Finding has implications for survival of mammalian species in India today
When researchers studied mammals’ fossils in Billasurgam cave complex of Kurnool district in Andhra Pradesh, they found that mammals in this area were likely to have been more tolerant to glacial and volcanic climate changes and human interference than those in many other regions of the globe.
The team found that 20 of 21 identified mammalian taxa from at least 100,000 years ago to the present, and in some cases up to 200,000 years ago still existed. During this time, there has been minor geographical redistribution of the animals, suggesting that the majority of taxa survived or adapted to substantial ecological pressures in fragmented habitats. The findings have been published in Proceedings of the National Academy of Sciences; Patrick Roberts of University of Oxford is the lead author of the study.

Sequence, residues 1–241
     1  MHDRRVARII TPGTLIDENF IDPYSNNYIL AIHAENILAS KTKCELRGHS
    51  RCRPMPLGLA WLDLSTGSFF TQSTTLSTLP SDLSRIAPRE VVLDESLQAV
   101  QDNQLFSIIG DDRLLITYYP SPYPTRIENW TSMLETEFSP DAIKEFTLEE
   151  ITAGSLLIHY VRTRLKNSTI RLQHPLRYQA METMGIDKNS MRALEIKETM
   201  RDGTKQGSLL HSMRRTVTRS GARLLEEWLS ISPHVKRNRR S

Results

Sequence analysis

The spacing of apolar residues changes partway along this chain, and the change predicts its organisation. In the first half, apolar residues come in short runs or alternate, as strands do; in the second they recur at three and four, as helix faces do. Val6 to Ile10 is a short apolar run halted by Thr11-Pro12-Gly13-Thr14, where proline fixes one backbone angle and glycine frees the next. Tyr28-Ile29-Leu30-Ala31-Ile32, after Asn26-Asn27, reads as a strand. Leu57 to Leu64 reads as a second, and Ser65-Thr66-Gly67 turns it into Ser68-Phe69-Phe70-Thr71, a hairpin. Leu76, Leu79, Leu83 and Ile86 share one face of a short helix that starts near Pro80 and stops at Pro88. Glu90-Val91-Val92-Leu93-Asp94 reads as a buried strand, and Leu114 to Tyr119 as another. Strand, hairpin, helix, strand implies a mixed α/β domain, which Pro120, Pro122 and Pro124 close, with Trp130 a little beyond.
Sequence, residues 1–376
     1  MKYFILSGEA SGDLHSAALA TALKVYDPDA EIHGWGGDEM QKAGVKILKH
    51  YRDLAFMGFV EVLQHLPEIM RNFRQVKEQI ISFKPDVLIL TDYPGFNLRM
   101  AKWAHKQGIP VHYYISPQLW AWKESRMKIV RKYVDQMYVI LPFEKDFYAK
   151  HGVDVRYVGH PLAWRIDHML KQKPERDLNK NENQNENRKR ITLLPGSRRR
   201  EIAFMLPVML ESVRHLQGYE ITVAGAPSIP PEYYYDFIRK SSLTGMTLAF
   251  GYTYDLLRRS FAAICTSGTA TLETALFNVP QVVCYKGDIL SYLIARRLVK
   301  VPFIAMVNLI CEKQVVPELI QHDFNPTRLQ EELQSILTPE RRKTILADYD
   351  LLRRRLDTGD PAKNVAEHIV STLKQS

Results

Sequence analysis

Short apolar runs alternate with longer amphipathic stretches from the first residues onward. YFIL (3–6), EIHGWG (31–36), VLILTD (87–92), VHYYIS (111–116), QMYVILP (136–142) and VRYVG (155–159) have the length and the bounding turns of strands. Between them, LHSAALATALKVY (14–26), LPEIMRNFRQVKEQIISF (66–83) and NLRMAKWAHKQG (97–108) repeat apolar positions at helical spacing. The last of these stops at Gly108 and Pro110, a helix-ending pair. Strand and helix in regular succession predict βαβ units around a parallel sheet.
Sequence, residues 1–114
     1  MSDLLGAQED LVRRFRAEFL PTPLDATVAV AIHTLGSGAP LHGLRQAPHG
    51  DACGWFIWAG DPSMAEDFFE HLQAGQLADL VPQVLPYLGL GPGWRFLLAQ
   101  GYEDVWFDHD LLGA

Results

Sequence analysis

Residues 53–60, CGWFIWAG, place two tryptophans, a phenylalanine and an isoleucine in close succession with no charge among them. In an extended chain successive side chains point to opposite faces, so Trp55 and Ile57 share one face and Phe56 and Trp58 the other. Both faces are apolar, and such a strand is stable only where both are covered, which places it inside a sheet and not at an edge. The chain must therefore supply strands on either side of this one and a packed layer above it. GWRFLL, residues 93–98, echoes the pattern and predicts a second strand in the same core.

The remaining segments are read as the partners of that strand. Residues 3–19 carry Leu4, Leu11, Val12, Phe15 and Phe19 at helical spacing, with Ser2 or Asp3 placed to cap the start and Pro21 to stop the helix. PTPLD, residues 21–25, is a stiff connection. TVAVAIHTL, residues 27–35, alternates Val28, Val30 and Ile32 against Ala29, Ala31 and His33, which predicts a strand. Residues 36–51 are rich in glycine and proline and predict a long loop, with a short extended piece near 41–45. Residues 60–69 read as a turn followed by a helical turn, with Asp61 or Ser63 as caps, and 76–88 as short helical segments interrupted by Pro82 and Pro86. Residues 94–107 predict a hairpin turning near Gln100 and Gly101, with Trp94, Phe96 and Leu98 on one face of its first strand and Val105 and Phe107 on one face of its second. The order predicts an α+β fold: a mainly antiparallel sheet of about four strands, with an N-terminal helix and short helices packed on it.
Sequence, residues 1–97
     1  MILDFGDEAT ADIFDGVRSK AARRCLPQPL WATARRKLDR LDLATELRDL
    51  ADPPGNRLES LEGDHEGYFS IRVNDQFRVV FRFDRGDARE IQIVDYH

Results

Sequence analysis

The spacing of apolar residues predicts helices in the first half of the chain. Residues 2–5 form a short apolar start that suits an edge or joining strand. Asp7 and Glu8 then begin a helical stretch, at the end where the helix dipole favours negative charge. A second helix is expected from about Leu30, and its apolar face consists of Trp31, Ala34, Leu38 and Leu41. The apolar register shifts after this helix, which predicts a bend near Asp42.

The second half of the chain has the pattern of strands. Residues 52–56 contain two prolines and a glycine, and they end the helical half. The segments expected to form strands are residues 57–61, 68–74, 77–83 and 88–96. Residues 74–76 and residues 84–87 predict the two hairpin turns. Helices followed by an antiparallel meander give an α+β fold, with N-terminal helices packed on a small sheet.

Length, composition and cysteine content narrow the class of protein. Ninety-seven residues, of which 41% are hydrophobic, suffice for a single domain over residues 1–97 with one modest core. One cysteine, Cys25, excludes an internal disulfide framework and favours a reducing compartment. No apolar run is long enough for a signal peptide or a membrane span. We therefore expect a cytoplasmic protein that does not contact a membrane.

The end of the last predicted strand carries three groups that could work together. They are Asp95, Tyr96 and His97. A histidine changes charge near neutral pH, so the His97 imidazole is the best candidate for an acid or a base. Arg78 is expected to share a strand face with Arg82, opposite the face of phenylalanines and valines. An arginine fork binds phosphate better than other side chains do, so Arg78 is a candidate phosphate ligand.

The results are similar to fossil record trends in southern Asia, but in contrast with higher extinction levels in the Americas, Eurasia, and Australia. The finding has implications for mammalian conservation in India, where increasing ecological circumscription may leave certain taxa increasingly endangered in the most densely populated region of the world.
According to the authors, the long-term survival of mammalian taxa in the Asian tropics may depend on the preservation of interconnected mosaic habitats, and that regional differences in ecological pressures should be considered when investigating causes of extinctions.
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